The city’s chess club organises international team tournaments. The Soviets from the Beisfjord camp field a team of 15 men, led by the great player Kranid. The Poles, the Dutch and the Czechoslovakians also take part, and the Norwegian police soldiers eagerly throw themselves into the competition. The spirit of sportsmanship strengthens the sense of community across the nations.

The events are lined up. The Norwegians imprisoned in Germany during the war are greeted with cheers upon returning. The bus to Harstad is back in regular route. The barbed wire fences the Germans put up everywhere are taken down. Summer is coming.

Excerpt from the local newspaper Fremover, 18 May 1945:

“Sports greetings from Sweden.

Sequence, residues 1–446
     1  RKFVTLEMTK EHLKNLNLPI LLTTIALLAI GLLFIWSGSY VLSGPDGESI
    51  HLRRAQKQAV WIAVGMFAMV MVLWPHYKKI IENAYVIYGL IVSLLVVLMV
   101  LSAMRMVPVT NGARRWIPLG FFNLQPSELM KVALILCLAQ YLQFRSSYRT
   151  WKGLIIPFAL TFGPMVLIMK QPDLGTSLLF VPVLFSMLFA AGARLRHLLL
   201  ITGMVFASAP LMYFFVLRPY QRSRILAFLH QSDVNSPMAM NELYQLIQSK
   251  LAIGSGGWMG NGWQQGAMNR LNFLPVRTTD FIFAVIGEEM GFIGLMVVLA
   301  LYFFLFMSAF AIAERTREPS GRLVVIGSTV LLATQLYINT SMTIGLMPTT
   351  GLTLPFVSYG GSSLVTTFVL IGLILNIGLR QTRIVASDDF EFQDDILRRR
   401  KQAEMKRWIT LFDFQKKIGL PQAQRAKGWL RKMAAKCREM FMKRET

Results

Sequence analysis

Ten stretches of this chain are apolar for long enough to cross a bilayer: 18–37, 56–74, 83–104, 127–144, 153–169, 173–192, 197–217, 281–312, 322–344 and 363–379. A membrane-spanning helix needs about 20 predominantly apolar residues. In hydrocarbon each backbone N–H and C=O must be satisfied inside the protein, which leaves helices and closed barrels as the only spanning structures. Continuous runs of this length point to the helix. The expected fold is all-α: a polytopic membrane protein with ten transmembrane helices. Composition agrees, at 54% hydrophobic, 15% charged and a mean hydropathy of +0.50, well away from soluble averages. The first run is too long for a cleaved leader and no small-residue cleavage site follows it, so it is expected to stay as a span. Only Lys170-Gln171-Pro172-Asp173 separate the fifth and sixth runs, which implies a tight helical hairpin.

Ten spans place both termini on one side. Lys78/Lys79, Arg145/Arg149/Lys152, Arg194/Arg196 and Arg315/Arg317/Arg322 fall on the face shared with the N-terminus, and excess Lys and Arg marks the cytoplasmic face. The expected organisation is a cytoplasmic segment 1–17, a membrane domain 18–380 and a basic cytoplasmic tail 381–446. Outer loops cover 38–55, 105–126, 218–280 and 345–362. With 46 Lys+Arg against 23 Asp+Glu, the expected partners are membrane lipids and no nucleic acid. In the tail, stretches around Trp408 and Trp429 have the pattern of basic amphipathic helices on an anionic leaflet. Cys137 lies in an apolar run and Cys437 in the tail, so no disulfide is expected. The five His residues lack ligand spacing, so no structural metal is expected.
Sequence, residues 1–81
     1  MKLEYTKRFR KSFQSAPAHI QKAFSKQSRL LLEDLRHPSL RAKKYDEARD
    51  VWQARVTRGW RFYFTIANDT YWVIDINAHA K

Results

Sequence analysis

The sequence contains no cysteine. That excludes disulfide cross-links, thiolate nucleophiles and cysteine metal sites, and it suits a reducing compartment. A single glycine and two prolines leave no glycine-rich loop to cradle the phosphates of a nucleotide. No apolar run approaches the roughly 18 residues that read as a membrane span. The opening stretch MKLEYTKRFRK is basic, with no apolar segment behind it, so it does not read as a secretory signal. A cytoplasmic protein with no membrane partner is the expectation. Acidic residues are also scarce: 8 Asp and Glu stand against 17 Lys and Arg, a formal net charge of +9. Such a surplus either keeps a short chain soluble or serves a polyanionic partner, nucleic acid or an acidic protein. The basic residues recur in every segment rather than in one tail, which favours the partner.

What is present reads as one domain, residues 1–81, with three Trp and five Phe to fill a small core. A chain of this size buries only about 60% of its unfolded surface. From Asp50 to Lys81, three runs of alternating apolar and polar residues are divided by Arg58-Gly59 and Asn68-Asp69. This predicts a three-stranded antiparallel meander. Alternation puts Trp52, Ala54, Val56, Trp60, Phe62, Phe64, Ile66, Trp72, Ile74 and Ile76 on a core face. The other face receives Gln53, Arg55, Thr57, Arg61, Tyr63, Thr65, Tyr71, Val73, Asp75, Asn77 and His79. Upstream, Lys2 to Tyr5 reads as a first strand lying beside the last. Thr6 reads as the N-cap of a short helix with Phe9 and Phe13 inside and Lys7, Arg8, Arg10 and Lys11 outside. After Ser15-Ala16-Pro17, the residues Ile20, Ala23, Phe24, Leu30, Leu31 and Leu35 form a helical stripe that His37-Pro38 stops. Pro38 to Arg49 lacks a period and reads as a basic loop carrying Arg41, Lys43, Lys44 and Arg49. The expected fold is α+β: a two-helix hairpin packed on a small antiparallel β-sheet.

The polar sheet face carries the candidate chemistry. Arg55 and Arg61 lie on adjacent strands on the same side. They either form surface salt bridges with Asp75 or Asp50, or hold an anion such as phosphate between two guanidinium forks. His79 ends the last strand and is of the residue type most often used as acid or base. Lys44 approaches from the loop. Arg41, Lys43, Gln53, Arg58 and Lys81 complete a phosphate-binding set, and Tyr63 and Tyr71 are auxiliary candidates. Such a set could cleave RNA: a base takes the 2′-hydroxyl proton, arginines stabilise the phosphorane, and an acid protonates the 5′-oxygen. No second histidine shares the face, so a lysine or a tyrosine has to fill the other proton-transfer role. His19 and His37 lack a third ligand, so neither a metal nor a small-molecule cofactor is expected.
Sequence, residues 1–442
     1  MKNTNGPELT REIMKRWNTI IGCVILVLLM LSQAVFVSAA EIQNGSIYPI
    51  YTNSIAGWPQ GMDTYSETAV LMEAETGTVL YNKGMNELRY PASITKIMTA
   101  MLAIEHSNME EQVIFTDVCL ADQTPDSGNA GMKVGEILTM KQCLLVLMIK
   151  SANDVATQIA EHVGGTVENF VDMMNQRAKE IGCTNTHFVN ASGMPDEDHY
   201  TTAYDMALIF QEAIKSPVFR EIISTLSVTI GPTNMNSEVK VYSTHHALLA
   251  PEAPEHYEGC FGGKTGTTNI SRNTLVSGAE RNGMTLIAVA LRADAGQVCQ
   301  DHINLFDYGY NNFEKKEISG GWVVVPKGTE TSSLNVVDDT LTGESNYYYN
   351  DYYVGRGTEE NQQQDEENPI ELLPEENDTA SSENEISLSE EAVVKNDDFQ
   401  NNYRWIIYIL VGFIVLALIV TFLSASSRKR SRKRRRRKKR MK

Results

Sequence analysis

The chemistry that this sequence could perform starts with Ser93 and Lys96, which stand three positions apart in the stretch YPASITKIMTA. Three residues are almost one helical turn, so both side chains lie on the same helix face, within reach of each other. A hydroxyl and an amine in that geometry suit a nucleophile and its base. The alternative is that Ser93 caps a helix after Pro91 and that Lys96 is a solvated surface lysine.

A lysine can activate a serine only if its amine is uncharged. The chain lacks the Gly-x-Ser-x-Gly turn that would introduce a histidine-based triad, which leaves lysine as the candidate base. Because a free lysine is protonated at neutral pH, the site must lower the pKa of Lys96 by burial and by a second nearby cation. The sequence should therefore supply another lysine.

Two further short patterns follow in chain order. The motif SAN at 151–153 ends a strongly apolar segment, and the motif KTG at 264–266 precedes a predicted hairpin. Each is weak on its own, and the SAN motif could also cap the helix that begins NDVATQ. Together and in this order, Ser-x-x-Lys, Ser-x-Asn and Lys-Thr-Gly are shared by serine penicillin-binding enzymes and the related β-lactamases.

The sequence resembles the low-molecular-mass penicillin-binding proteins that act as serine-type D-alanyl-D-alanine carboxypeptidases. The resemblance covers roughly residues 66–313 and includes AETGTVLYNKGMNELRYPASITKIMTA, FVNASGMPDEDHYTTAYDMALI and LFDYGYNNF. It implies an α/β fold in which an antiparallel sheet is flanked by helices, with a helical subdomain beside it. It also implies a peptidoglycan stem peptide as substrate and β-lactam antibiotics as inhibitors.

The chairman of the Northern Norway Sports Federation has received the following telegrams, showing the joy across the border that our country and thus the sports are free once more.

“To all sports associations in Narvik on the first day of peace, we want to express our best wishes to you, our Norwegian sports comrades. Our hope is that we will meet again soon in the peaceful practice of sports.”

The Sports Associations’ Cooperation Committee in Kiruna “

6 June 1945

Time for Clean-up – The British Return

The rationing continues and it will be long before the supply of goods is large and stable again. Many restrictions will last for years. The housing shortage in the city is precarious, the harbour is filled with wrecks, the fjord filled with mines. Heavy lifts and clean-ups are needed.

Nevertheless, the economy is in good condition. Municipal and personal debts are greatly reduced, and businesses and banks have been saving money for a rainy day. The reconstruction can begin.